Obviously, such statistics offer little solace to those affected by conflict. The human cost of war and terrorism is terribly high regardless of the scale of the conflict—even just one death or one displaced person forced to become a refugee is one too many. But it is also important to keep in mind historical context and the trends that point to our shared future, and to stay wary of the demagogues and unscrupulous media outlets who would exploit the general public’s fear and anxiety for their own political and economic ends.
If the media establishment is complicit in the creation of the current climate that allows for the rise of populist fear-mongers, it can also be argued that many of its better representatives have given the public the means to empathize with those affected by war and terrorism and better understand the roots and effects of specific conflicts. For example, the comics industry has produced a number of notable works that challenge readers to critically reflect on war, its causes, and its consequences.
Politically nuanced and socially aware war comics are nothing new, of course. EC Comics’ Two-Fisted Tales and Frontline Combat offered a counterpoint to the jingoistic pap offered by many publishers in the decade following World War II, as did Warren Publishing’s Blazing Combat in the aftermath of the Korean War. The Joe Kubert-helmed Our Army at War published by DC Comics used World War II-set stories to wrestle with the ethical questions raised by America’s involvement in Vietnam during the late 1960s and the early 1970s. The 1980s saw writer/artist (and Vietnam War veteran) Larry Hama creating a surprisingly sophisticated (and wildly popular) G.I. Joe comic that introduced its primarily preteen readership to the moral and political issues posed by armed conflict alongside two other acclaimed 1980s war comics in Doug Murray’s The ‘Nam and Don Lomax’s Vietnam Journal.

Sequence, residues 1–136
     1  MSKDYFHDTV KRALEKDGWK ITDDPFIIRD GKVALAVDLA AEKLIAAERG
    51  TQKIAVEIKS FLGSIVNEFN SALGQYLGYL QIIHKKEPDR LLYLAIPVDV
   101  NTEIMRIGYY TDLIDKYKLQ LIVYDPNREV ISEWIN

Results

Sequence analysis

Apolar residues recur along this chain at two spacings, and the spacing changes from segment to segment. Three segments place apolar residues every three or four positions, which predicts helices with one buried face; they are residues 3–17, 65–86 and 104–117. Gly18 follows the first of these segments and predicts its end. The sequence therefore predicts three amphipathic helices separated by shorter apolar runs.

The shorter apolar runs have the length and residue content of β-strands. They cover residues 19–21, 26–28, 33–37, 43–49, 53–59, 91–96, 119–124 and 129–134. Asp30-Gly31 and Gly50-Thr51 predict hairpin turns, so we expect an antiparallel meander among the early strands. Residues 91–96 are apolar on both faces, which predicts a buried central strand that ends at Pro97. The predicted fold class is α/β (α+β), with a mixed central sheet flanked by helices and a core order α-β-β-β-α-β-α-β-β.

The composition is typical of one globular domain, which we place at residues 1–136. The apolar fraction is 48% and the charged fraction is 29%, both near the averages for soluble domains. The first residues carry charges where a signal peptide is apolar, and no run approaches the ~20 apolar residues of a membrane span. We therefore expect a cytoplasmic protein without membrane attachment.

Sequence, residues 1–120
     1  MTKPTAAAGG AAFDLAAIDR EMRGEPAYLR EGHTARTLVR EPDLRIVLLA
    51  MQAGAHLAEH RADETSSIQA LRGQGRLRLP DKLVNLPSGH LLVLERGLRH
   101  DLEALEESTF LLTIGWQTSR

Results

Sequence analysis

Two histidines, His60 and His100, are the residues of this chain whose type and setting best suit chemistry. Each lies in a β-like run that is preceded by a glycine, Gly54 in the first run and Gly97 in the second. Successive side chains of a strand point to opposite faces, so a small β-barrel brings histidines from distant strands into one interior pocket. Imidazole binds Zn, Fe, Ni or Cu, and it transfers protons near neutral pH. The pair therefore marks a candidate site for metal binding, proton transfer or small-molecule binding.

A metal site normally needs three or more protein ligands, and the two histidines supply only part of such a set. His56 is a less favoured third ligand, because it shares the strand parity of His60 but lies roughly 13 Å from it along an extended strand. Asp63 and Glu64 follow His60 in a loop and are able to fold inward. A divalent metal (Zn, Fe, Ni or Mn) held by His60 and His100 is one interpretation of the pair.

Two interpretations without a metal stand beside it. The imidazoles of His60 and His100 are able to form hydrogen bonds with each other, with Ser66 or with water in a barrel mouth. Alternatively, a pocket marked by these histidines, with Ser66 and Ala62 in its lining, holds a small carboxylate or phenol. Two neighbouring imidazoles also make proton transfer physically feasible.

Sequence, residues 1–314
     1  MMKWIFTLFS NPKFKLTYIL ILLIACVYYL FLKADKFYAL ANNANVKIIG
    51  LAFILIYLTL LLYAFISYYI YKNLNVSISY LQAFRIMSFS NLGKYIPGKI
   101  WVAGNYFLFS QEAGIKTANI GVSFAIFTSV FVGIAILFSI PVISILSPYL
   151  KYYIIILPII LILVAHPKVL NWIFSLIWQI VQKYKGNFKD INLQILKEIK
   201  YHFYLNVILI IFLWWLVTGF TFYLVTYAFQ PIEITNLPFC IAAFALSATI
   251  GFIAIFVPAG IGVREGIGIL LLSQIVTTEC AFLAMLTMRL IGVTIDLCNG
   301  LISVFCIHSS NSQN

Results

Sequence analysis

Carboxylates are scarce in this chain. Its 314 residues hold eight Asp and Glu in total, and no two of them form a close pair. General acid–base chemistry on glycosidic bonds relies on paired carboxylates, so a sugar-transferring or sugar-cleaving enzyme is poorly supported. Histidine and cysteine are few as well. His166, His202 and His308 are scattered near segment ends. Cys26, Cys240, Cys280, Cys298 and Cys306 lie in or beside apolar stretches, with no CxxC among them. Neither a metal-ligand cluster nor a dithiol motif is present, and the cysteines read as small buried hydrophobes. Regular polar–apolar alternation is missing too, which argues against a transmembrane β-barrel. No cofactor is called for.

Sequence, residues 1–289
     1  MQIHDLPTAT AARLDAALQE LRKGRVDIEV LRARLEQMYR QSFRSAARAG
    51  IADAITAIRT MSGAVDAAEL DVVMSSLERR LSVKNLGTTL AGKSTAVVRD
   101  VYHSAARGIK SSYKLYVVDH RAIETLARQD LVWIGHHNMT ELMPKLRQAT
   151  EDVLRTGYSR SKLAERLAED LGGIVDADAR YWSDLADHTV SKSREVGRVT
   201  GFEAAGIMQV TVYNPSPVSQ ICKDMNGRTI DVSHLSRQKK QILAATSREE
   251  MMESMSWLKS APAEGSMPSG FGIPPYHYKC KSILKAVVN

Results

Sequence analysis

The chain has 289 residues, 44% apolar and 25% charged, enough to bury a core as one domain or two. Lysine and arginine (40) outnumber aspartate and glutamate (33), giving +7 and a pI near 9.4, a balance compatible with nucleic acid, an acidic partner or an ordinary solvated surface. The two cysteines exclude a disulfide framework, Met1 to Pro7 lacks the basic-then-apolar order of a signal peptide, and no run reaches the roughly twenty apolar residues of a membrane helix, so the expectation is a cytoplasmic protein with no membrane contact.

It is only with the relatively recent spread in popularity of the graphic novel format, however, that the war comic has come into its own in the mainstream literary world. Properly applied, sequential art techniques can imbue the war comic with a sense of impact and immediacy that can rival, and even exceed, that found in the best war prose. Below, I’ve listed eight post-Cold War conflict-themed comics that I’ve found to be especially notable for various reasons: